¶ 11 The Officer cited Edward for failure to remain at an accident involving personal injury (Failure to Remain), a criminal violation under § 61–7–103, MCA (2009), and failure to immediately notify authorities of an accident resulting in personal injury or at least $500 in property damage (Failure to Notify), a criminal violation under § 61–7–108, MCA (2009). The Officer did not issue a citation to Zaso, though under §§ 24–602 and609 of the City Code of Billings, it is a misdemeanor for anyone other than authorized law enforcement personnel to ride a bicycle on a sidewalk within a business district, pursuant to § 61–8–608, MCA (2009). Billings City Code (Mont.) §§ 24–602 and –609 (current through August 9, 2012).

¶ 12 A jury trial was held in Billings Municipal Court (Municipal Court) on November 4, 2010, and Edward was convicted of both criminal charges. The jury heard testimony from Edward, Zaso, Desson, Hagan, and the Officer. During deliberations, the jury was initially deadlocked. Without objection, the court delivered an Allen1 charge. After further deliberations, the jury asked to re-hear some testimony. The court denied the jury's request and told the jury it needed to return a unanimous verdict that evening or it could return in the morning to continue deliberating. The jury finished deliberating before dinnertime and returned a guilty verdict on both counts.

¶ 13 Meanwhile, in October 2010, Edward's insurer, State Farm Insurance (State Farm), paid Zaso $21,866.58 for her medical expenses. Zaso also sought reimbursement for the following items: $10 for the accident report, $515 for travel to and from court, $64.13 for lodging when appearing for court, $678.98 for new glasses, $425 for the security deposit for her apartment, $28.57 for Neosporin, gauze pads, and other medical supplies, $4,080 in lost wages, $125 for ink and paper, $15.98 for postage costs, and $150 for her personal time. State Farm declined to pay these costs, as it had already paid Zaso for medical supplies as well as a new bicycle, helmet, and clothing.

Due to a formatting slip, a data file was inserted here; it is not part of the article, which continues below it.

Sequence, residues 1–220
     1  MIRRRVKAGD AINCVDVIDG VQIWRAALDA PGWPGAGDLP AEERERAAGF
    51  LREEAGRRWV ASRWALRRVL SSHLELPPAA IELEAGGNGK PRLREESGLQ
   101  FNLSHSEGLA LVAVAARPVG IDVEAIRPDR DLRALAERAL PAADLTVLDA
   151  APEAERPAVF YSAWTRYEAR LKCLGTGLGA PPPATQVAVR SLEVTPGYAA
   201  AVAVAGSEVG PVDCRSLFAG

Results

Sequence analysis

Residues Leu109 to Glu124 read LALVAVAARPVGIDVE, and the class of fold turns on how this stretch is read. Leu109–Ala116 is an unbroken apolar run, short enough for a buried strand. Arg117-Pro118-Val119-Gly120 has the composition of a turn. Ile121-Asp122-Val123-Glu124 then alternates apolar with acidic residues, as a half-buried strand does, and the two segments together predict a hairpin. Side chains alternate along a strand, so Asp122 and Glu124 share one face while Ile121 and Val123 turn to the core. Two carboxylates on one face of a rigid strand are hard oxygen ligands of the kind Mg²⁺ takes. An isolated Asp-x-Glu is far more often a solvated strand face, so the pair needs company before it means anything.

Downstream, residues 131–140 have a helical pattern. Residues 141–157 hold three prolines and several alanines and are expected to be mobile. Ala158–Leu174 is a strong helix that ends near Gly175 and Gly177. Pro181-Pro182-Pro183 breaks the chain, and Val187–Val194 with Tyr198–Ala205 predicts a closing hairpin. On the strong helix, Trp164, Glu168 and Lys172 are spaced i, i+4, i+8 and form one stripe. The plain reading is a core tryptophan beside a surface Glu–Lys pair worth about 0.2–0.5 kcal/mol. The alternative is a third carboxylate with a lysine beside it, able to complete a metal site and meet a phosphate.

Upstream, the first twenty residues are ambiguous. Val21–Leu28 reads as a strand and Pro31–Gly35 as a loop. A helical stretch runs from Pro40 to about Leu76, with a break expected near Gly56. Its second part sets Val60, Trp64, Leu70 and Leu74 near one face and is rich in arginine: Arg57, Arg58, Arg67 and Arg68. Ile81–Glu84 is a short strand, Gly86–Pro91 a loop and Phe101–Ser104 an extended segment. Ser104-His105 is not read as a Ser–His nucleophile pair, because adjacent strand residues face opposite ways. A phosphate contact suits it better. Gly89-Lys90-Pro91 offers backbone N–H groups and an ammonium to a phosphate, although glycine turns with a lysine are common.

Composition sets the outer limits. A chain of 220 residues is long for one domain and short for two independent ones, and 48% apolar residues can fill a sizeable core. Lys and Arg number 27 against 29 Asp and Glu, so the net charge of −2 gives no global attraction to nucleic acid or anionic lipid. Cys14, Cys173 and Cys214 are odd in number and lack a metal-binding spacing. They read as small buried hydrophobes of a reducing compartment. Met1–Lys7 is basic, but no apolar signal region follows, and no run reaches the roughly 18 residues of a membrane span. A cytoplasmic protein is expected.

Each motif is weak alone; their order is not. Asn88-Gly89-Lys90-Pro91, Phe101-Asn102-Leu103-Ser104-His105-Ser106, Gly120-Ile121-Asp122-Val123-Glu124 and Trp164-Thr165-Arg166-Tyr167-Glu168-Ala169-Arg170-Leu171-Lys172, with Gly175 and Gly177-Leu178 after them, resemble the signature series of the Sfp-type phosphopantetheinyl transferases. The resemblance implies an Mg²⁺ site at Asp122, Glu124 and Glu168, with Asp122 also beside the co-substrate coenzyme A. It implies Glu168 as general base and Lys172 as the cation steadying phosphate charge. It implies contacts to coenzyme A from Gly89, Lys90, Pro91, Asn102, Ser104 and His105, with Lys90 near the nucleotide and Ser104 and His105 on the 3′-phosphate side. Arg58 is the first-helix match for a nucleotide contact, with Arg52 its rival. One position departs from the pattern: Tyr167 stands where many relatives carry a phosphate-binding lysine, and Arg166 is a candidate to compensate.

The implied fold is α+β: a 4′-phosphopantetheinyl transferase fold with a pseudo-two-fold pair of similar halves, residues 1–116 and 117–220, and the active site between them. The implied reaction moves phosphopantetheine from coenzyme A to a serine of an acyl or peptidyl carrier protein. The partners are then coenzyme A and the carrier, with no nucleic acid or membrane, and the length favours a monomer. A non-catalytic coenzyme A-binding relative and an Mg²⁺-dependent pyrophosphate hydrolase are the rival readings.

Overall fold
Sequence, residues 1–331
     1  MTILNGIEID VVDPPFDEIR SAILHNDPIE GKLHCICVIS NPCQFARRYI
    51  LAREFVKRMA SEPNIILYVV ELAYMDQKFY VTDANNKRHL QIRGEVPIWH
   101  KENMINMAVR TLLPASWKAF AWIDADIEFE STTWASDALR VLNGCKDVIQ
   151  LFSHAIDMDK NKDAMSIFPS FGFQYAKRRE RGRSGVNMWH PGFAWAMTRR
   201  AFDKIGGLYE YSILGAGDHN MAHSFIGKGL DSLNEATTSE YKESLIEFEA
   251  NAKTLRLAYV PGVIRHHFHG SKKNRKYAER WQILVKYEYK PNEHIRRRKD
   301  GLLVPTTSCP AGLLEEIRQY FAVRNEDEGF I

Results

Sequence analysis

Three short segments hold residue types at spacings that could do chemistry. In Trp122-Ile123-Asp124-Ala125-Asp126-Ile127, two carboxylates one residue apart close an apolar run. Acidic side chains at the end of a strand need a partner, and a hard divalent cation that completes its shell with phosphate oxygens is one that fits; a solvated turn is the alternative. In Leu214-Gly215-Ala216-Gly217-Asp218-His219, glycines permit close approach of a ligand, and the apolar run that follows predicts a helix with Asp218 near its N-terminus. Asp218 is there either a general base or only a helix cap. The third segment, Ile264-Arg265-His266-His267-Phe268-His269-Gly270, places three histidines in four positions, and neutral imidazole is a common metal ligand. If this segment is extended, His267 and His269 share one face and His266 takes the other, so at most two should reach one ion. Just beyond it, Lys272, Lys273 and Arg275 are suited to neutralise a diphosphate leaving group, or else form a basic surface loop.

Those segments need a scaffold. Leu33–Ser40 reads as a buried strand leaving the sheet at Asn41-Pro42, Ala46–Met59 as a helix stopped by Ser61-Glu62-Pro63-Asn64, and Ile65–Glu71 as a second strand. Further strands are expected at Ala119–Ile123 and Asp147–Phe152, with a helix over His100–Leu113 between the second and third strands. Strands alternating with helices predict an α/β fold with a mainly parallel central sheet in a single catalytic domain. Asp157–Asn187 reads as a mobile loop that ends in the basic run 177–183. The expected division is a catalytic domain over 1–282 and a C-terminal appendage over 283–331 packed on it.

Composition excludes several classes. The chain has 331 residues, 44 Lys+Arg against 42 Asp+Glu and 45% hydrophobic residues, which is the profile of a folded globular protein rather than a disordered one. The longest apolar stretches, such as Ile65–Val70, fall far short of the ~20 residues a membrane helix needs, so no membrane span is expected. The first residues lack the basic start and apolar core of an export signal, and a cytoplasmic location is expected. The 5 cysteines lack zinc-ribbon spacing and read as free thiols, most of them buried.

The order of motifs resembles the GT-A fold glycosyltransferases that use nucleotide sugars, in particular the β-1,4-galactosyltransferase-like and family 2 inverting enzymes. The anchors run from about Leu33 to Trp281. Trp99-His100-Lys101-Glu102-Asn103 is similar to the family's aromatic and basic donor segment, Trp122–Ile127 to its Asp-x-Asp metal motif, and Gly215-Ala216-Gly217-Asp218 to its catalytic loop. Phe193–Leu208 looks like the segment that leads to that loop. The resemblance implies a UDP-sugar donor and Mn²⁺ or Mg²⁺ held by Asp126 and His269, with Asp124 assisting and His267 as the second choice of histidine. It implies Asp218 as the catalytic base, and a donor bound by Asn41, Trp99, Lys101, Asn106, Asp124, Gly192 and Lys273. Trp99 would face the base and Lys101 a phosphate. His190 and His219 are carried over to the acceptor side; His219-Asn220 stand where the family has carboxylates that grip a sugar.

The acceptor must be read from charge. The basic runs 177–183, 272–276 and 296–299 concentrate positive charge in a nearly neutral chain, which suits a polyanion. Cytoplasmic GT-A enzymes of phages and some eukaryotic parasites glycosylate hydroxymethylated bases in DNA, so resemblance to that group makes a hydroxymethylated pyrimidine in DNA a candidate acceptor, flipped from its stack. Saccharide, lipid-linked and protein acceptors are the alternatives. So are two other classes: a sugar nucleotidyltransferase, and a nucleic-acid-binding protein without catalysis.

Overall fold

¶ 14 Hearings were held for sentencing and for purposes of establishing restitution. Edward moved to dismiss the restitution hearing, arguing that she had not been found guilty of actually causing the accident, that causation must be tried before a jury, and that Zaso was not entitled to restitution. The Municipal Court rejected Edward's motion. On her conviction of Failure to Remain, Edward was sentenced to one year in jail with all but thirty days suspended; the thirty days were suspended on the condition that she complete one hundred hours of community service, pay $4,148.60 in restitution to Zaso, and pay court costs and fees.

¶ 15 On February 1, 2011, Edward formally appealed the Municipal Court's restitution order to the District Court. She did not challenge the convictions, suspended sentence, or community service requirement. Edward argued that the restitution obligation should be reversed on four grounds: (1) the absence of a causal connection between the offense and the damage; (2) the causation standard of § 46–18–243(2)(a), MCA (2009), was not met; (3) she should not be liable for damages Zaso could not recover in a civil suit; and (4) the amount of restitution was not based on substantive evidence. The State of Montana (State) responded on behalf of the City of Billings, arguing that the causation standard was met. After the matter was fully briefed, the District Court affirmed the Municipal Court's restitution obligation, finding it reasonable upon application of the restitution standards set forth in State v. Ness, 2009 MT 300, ¶ 20, 352 Mont. 317, 216 P.3d 773. The court found that the evidence in the record substantiated the restitution award.